October 20, 2020

Pages 4671-4672
Whole Number 174


An article entitled "Halbert's Under Cease and Desist Order" appeared in the News letter of the National Genealogical Society for March/April 1996. Some of the facts in the following paragraphs have been taken from that article.

The name "Halbert's, Inc." located in Bath, Ohio, is probably familiar to most of our readers because of the tens of thousands of postal cards mailed out annually announcing the publication of what purports to be a genealogical work pertaining to "your" family name. These publications have had such titles as The World Book of Sparks,TheSparksSince1866, SparksSince the Civil War, SparksAcross Therica,The SparksFamilyAlbum, etc. (One should be suspicious of such titles if for no other reason than the fact that Halbert's does not know the plural of the name Sparks, i.e., Sparkses.)

Halbert's is a mail order firm that, according to the Newslettercited above, is a trade name (along with "Family Book Offer" and "Historic Book Offer") used by Numa Corporation of Akron, Ohio. At one time, the name "Beatrice Bayley" was used to identify the "author" of such books, and in the Sparks Quarterly of December 1982, your editor published an article (pp.2483-2487) devoted to The Sparks Family HeritageBookpublished by Beatrice Bayley, Inc.

The same postal card is used by Halbert's in advertising the hundreds of each surname book that they sell. If one buys the product, usually at a cost of $29.85, one receives the identical text, but with a list of names and addresses of persons having "your" surname, or a list of deceased individuals with your" name who had Social Security numbers. Millions of names and addresses now exist in computer bases for the use of advertisers, arranged by zip codes., and Halbert's simply prints these out. Likewise, the Social Security records for deceased holders of SS numbers are available in the same manner.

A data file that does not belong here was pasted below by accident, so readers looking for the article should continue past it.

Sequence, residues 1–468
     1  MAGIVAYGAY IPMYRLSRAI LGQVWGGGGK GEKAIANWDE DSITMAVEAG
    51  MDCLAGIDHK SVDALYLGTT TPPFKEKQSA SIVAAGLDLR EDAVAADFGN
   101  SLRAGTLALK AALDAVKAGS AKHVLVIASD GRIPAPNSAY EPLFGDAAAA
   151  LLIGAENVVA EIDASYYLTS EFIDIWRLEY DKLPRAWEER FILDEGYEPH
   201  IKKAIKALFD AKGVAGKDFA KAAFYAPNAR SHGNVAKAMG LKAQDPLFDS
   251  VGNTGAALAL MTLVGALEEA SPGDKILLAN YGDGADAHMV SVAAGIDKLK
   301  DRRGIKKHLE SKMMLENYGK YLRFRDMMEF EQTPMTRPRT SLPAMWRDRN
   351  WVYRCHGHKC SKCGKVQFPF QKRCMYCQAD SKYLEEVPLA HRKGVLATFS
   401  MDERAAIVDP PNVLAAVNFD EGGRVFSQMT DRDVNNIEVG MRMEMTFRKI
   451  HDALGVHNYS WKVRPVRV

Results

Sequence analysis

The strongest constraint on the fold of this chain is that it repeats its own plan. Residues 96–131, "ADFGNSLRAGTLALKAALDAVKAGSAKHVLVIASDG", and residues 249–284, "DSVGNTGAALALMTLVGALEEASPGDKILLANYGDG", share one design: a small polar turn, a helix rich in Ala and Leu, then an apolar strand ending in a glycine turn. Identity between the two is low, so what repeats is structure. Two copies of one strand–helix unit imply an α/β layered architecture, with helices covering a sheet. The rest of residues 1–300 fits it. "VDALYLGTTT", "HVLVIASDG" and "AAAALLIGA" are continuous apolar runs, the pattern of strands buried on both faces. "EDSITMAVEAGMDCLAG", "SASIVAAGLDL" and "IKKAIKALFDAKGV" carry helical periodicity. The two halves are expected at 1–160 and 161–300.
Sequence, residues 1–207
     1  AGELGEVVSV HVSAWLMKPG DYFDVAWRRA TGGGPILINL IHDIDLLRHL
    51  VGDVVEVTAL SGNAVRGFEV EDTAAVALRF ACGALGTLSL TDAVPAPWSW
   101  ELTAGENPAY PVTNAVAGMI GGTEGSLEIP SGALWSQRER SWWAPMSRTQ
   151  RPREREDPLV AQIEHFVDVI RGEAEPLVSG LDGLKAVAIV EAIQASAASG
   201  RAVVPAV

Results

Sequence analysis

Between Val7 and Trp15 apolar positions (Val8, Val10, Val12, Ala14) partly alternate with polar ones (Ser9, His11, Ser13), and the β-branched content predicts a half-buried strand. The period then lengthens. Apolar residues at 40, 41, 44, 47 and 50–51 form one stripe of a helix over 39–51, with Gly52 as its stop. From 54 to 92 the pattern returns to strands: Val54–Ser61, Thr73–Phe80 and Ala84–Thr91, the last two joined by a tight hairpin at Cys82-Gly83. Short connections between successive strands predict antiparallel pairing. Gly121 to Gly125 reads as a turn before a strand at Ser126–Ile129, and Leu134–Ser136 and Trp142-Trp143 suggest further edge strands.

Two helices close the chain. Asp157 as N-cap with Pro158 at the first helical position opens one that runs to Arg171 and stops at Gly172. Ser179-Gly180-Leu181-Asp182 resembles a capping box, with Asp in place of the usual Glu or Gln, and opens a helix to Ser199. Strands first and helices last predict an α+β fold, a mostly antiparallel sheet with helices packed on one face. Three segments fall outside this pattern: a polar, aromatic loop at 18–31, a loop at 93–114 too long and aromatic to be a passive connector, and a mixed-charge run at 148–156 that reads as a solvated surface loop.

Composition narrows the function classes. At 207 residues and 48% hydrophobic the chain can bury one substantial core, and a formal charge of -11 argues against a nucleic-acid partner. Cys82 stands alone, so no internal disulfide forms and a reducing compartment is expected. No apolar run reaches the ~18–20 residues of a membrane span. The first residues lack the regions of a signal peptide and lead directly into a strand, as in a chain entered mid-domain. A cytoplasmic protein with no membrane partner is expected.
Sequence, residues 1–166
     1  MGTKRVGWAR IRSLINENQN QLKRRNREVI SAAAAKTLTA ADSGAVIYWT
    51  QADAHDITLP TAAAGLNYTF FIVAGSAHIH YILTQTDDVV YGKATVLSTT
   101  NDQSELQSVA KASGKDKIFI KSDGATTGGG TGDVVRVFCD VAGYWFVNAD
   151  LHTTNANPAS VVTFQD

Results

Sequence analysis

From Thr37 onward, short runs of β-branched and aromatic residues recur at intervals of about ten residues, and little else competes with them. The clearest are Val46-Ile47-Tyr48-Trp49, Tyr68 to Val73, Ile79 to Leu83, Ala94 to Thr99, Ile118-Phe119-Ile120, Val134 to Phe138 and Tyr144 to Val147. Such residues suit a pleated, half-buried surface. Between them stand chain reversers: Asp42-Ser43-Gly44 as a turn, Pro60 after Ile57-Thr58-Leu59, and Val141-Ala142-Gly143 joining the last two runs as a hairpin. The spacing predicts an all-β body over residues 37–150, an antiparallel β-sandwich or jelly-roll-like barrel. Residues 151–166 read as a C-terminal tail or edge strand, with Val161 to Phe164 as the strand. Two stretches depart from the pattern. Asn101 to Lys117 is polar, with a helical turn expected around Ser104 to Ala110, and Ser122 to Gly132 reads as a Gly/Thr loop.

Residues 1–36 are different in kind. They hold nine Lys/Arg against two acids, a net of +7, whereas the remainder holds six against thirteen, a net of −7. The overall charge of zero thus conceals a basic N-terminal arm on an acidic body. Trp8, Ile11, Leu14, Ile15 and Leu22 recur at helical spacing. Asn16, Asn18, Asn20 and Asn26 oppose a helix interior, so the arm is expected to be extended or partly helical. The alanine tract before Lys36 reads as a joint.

Through the years, Halbert's has used varying wording in its advertising, but the implication is always that the book provides genealogical information. In recent years, the advertising cards appear to contain a recommendation for purchase by a relative. Those for "Sparks books" have been "signed" by William S. Sparks (no address).  In response to your editor's query in 1992 regarding the identity of WIlliam S. Sparks, a form letter was received from Halbert's containing two blanks that were filled in by hand, "William S. Sparks" and "Sparks," with the statement: "They [sic] have given us permission to use their name in our advertising to offer products to customers with the same last name.

Genealogical associations and individuals have regularly protested. Halbert's misleading advertising to the U.S. Postal Service, resulting in cease and desist orders issued to Halbert's in 1985 and in 1988. The National Genealogical Society protested again in March 1995 with a 120-page report on Halbert's marketing practices. On November 21, 1995, the Postal Service issued a supplemental cease and desist order from further use of certain misleading marketing practices.